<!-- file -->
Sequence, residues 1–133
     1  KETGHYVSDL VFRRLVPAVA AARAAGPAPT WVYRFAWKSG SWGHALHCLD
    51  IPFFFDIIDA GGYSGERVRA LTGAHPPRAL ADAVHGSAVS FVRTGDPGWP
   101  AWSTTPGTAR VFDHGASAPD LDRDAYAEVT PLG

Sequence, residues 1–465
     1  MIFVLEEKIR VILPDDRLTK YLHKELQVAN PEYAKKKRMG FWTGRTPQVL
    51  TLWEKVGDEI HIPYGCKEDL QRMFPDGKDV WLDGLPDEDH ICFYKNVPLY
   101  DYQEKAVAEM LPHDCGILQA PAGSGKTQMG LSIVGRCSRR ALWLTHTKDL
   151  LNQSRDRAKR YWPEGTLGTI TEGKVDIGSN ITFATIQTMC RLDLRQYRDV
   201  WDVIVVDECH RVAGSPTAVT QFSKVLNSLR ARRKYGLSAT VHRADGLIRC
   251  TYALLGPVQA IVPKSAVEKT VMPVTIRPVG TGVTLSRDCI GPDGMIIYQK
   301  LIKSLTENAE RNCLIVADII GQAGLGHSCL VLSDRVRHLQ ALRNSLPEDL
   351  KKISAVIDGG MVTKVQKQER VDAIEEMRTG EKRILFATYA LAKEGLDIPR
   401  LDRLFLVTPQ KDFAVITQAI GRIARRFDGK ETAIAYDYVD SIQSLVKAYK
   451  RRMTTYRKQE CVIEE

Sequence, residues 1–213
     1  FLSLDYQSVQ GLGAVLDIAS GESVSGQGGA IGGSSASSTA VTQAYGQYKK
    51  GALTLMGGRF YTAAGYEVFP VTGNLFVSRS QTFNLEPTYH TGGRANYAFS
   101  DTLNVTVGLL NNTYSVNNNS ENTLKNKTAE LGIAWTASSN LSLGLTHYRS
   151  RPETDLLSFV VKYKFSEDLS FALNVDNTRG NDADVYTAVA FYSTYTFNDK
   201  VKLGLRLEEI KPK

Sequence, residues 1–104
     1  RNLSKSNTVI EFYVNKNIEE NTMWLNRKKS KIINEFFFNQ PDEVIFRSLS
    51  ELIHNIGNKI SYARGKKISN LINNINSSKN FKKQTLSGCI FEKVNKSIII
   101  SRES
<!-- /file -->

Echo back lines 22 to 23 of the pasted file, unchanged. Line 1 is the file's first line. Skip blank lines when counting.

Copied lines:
Sequence, residues 1–104
     1  RNLSKSNTVI EFYVNKNIEE NTMWLNRKKS KIINEFFFNQ PDEVIFRSLS